Find out how you can turn your failures in learning guitar into success using the principles of Psycho-Cybernetics
I thought I will share with you a concept taken from a book recommended by a a friend of mine, the book is called: Psycho-Cybernetics, written by Maxwell Maltz about a half century ago. The principles of Psycho-Cybernetics can be applied to any area of your life including guitar playing and learning music.
According to the author every human being has a built in a goal oriented servo-mechanism(an automatic device that uses error-sensing negative feedback to correct the performance of a mechanism) This mechanism is designed to reach the goal using the data we feed into it. To cut a long story short, if you feed your servo-mechanism with a negative data such as: (‘I am too old to learn guitar’, ‘I suck at guitar’, ‘I am a disaster’, ‘I am a failure’, ‘I will never make it’, ‘I will never be able to change chords fast enough’, ‘I will never be able to memorise the scales on the guitar’, I will never be good enough to play in a band’, ) your servo-mechanism will turn into a ‘failure-mechanism’
and most likely you will never be a good guitar player. But on the other hand if you feed your servo-mechanism with positive data such as: (‘I will be able to play that song if I keep practicing long enough’, ‘I will practice guitar two hours every day and within a year or two I will be able to play any song I like’, ‘I will memorise all positions of minor pentatonic scale in one week’, ‘In two years I will be so good at guitar that I am going to join the best rock band in the local area’) You are going to reach your goals because your servo-mechanism will work for you and make you taking necessary actions to reach that goal.
From my own experience as a guitar player I can tell you that I have never had any doubts that one day I will be able to play guitar at the certain level. I never thought I will stop playing guitar because of my failures. I had of course my doubts and moments of frustration but I knew that one day I will be able to play songs that I like, improvise or even write songs and nothing will stop me.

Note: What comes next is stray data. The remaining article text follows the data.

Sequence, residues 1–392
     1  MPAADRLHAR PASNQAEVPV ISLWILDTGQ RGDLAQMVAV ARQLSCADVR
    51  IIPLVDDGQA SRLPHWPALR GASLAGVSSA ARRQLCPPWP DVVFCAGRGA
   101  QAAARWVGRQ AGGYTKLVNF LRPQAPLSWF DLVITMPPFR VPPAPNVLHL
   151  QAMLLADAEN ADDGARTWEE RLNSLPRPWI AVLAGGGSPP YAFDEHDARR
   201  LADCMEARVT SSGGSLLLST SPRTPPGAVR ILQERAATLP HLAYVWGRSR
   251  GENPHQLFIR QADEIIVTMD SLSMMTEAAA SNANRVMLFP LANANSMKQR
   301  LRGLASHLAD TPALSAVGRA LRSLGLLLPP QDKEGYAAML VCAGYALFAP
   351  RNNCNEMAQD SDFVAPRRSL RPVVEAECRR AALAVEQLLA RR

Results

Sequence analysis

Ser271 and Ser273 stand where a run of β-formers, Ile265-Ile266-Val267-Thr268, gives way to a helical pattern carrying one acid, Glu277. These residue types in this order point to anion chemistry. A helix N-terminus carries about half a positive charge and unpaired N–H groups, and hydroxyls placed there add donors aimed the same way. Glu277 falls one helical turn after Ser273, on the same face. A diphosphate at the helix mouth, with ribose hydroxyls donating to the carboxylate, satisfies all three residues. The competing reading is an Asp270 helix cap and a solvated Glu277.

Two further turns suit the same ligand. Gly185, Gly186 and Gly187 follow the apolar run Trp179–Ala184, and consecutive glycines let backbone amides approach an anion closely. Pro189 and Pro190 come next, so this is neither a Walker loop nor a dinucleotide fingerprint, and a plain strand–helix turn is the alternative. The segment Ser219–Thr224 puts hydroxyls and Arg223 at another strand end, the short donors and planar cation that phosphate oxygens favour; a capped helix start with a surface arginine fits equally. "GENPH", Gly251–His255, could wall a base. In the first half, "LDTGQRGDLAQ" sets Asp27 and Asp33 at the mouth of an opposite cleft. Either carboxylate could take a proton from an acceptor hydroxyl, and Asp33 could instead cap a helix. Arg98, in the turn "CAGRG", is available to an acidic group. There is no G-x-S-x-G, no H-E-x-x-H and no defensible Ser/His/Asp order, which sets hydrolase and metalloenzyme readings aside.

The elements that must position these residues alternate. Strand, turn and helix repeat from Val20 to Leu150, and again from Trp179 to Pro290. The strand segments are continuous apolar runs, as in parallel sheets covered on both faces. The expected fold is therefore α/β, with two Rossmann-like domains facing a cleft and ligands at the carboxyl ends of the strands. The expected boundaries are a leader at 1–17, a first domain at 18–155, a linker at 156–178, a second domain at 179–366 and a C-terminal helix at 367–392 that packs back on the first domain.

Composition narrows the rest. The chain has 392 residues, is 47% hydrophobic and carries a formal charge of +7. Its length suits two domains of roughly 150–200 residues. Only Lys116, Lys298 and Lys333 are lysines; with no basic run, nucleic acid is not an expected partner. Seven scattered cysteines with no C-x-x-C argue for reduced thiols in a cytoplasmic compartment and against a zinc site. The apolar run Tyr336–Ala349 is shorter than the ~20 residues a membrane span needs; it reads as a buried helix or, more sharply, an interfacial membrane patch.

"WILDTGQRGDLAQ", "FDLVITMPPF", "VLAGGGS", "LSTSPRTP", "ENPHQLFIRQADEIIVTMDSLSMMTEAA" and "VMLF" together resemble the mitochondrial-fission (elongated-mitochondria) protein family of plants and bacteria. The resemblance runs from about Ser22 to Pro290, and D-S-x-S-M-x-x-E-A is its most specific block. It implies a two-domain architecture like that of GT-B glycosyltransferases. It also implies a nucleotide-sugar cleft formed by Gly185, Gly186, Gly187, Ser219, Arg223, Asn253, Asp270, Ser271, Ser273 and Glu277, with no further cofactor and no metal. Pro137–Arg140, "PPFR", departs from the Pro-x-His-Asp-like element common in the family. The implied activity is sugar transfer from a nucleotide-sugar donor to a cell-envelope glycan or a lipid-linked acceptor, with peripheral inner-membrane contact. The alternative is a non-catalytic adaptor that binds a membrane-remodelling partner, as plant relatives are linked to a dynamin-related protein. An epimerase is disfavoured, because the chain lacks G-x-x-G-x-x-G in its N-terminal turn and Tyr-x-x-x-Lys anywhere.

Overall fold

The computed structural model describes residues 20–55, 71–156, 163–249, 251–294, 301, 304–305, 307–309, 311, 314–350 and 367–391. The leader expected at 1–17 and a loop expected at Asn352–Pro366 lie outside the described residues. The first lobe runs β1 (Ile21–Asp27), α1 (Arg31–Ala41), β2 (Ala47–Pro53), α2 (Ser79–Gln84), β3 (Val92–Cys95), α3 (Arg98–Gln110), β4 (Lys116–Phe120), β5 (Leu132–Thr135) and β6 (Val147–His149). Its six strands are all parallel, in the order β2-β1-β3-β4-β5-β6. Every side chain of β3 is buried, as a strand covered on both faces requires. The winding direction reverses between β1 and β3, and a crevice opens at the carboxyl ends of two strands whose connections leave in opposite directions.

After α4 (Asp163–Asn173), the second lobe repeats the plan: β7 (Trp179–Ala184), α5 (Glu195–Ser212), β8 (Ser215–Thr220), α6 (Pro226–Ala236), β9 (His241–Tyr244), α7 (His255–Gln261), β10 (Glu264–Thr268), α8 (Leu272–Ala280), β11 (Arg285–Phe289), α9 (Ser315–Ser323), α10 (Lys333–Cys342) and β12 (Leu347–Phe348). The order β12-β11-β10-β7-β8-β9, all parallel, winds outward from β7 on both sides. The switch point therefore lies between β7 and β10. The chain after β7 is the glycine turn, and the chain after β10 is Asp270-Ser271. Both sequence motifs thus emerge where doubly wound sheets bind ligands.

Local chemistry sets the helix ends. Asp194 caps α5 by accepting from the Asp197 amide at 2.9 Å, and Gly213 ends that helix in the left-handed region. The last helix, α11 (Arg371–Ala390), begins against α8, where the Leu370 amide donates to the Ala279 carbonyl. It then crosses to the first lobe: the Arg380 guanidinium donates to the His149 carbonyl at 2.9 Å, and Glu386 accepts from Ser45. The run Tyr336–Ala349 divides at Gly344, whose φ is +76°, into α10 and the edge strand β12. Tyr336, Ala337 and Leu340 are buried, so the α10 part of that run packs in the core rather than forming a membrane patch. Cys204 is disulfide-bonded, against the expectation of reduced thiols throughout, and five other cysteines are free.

As a guitar teacher I find that a lot of people give up too early so they don’t really experience enough positive feedback/data related to guitar. They simply don’t experience enough fun as it’s usualy too early for that to happen.(learning a song takes a lot of practice and time to get it right and sometimes it requires other musician to form a band).
Guitar students take a negative feedback from process of learning guitar too personally. For example instead of treating inability to execute chord changes as a learning experience they explain this inability as ‘being useless’ or ‘having no natural talent’, or ‘being rubbish at guitar’. What I would do instead is to take this negative feedback such as string buzz and I will try to find a way to correct the problem just like the servo-mechanism is doing.
Each time you ‘fail at guitar’ you are actually receiving a ‘negative feedback’ that will allow you to correct the error. Your task as a guitar student is to correct errors and not accepting the negative feedback as a result of your practice and for sure not as a personal information/comment about you and your potential. Once all your errors are corrected you will receive a positive feedback that will allow you to take your guitar skills to the next level. On the next level though you will receive another negative feedback that will enable you to correct future errors and move to the next level
I highly recommend the book Psycho-Cybernetics and if you don’t want to gamble watch this four part interview with Maxwell Maltz: